Organic Imaging: An Easier Road To Photo Editing?

While some, like me, like to spend hours working on an image in their digital darkroom, quite a few photographers express a desire to process photographs into good-quality digital files with as little effort as possible without having to learn a new technique or software. For those who don’t find it fun and the rewards too hard to come by, a company in Europe called Elpical may have an answer.


Organic Imaging is easy to use. On the left side is a space for Flows, the diagram that tells you where the process is and is going. On the left of the Flow is a hot folder icon that supports dropping in image file(s) by just grabbing them on screen and dragging them to the beginning of the Flow. When that is done an X in the Flow line appears and the Flow spot highlight is red. At this point is where you can press the Organic emblem in the center of the Flow diagram and open Settings; a window on the right side displays five consecutive fill-in dialogs, one for Input, Size, Enhancement (that supports custom options for each attribute of image adjustment), Colors, and Output. Just by reading the options and making choices that suit your needs, the Organic processing can be tailored to any kind of image style.

Elpical has been in the business of providing inexpensive editing of digital images for publication to large media companies. Their automatic image-editing software, dubbed Organic Imaging, is now available to individuals. You can try it by going to and downloading the application. The first 250 images processed are free. You then pay a modest fee for processing more images with a credit card or through PayPal (under 10 cents Euro—or 12.5 cents USD each—for up to 5000 images per month).

How does it work? John de Jong, the president of Elpical in The Netherlands, sent me an e-mail that detailed the software’s development. In short, their software combines the numerical information in an image file with a pixel pattern that describes the content of the image, which results in assumptions about how to adjust the image file. Maybe this is why they call it “Organic.” The software mimics what a photographer might see and think when looking at a photo on screen, and thereby is able to “know” what needs to be fixed to make the image closer to what the scene was in nature.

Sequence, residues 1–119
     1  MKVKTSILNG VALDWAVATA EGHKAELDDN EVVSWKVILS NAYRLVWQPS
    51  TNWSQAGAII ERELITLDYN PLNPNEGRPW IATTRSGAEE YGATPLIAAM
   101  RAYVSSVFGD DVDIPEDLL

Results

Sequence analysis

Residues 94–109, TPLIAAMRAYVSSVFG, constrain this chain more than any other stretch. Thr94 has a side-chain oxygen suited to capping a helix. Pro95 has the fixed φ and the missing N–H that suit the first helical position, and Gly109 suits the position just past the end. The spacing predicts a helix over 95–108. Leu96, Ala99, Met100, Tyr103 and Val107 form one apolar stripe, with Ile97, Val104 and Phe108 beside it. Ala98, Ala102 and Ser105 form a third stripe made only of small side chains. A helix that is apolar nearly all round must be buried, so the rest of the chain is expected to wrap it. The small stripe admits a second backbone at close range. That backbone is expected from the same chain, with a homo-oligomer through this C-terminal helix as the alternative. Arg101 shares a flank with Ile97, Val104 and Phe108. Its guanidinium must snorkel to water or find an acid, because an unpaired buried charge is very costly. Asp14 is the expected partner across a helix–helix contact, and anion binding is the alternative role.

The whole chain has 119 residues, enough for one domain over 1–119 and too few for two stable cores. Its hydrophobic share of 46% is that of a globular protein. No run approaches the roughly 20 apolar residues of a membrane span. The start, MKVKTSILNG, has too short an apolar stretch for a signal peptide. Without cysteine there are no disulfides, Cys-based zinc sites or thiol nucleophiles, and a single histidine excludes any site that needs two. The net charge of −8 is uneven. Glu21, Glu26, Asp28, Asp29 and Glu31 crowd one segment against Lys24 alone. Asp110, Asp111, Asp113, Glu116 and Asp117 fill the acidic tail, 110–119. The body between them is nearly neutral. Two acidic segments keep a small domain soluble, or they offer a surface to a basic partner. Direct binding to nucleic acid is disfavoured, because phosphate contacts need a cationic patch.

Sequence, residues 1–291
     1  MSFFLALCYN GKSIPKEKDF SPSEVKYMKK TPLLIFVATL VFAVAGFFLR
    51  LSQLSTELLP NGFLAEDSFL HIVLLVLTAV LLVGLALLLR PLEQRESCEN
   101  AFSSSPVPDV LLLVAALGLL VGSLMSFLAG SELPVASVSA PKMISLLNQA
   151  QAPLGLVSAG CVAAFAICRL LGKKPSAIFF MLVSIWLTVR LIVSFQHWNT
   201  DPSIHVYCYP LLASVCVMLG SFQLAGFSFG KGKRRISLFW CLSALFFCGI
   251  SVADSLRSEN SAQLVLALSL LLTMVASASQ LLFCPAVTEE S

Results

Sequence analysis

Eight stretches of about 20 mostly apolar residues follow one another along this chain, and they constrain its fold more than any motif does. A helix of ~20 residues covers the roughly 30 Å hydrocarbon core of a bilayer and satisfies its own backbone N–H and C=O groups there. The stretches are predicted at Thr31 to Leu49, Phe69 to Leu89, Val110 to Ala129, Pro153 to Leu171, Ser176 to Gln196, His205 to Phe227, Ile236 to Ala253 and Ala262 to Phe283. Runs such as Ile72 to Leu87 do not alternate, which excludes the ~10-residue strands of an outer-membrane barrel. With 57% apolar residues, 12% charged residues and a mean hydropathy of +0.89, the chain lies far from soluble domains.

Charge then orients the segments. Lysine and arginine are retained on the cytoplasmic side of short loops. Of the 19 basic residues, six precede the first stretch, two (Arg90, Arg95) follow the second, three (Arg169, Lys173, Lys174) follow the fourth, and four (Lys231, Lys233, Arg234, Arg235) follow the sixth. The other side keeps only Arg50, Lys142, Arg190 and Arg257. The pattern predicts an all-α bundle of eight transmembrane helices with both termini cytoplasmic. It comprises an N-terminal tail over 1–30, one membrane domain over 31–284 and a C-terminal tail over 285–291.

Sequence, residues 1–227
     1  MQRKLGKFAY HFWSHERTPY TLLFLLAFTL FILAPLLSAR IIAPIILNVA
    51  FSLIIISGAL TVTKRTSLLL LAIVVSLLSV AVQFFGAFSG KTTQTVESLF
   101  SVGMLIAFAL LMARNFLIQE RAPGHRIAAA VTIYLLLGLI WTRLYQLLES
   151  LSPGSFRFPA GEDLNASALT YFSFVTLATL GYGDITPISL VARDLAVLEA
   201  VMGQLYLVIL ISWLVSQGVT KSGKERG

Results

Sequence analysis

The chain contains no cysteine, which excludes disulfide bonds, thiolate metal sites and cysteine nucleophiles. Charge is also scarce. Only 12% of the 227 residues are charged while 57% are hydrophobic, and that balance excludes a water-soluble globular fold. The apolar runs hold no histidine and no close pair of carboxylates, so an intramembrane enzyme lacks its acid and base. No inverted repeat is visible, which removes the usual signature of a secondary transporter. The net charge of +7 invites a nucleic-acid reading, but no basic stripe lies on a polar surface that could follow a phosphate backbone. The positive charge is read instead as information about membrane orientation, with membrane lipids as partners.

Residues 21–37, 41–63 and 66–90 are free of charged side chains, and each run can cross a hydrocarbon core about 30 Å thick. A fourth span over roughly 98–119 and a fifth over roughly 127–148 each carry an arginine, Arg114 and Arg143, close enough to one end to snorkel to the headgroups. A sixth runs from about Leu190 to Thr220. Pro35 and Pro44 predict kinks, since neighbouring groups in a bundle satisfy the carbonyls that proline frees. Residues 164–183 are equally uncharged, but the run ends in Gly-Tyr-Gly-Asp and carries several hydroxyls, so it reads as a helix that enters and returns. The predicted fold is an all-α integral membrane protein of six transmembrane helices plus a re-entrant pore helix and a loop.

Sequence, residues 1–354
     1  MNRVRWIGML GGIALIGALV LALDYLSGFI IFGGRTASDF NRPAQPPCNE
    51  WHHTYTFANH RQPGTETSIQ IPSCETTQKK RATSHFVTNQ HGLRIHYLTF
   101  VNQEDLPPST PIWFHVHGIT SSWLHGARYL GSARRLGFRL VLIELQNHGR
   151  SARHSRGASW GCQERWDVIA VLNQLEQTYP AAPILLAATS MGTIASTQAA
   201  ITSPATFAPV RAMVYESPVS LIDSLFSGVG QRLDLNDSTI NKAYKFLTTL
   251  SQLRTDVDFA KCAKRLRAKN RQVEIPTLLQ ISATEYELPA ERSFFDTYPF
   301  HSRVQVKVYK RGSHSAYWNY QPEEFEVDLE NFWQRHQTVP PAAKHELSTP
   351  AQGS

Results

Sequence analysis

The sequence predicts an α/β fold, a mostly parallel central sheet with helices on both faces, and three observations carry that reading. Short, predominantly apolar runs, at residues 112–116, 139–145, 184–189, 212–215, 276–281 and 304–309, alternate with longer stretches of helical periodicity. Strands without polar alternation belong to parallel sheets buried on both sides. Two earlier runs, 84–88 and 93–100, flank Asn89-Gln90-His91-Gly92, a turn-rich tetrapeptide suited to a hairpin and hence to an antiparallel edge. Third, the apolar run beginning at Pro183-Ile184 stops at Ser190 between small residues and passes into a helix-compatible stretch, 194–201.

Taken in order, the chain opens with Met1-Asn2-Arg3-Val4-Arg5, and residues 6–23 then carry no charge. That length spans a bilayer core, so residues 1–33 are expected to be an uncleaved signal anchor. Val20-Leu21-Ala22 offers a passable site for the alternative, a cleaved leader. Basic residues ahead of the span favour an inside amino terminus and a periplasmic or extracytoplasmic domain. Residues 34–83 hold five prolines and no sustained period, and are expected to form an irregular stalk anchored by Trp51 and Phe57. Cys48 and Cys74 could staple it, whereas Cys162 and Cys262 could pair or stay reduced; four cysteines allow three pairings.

Using Organic Imaging
I began my testing with a beta version of Organic Imaging, which for all practical purposes matches the final release. I began with a folder of nine high-resolution, 12x18”, 300ppi photographs in TIFF file format. These files were all individually edited files that I determined were print ready; they’d been refined and cleaned, then tweaked as I usually do at the end of my workflow in Photoshop. Once processed by Organic Imaging, no significant changes in image quality were evident in the newly processed images. This was a positive result—Organic Imaging recognized that the images were already as good as they could be. I know this is a positive result because with any image-editing automatic adjustments I have tried before, many of the files would have been adversely adjusted, actually reducing the image quality of the quality file I had produced.

The Flows diagram makes three threads on the right—one can be utilized for the selection of Inspector, which provides both a thumbnail as well as a before and after image of the Raw and finished image. The Inspector allows you to reject an enhancement and revert to the Raw image to manually edit with Photoshop or another application, if desired. This set of images are the result of using Organic Imaging to enhance Canon EOS 5D Raw image files converted by Canon Digital Photo Professional to 16-bit TIFF format.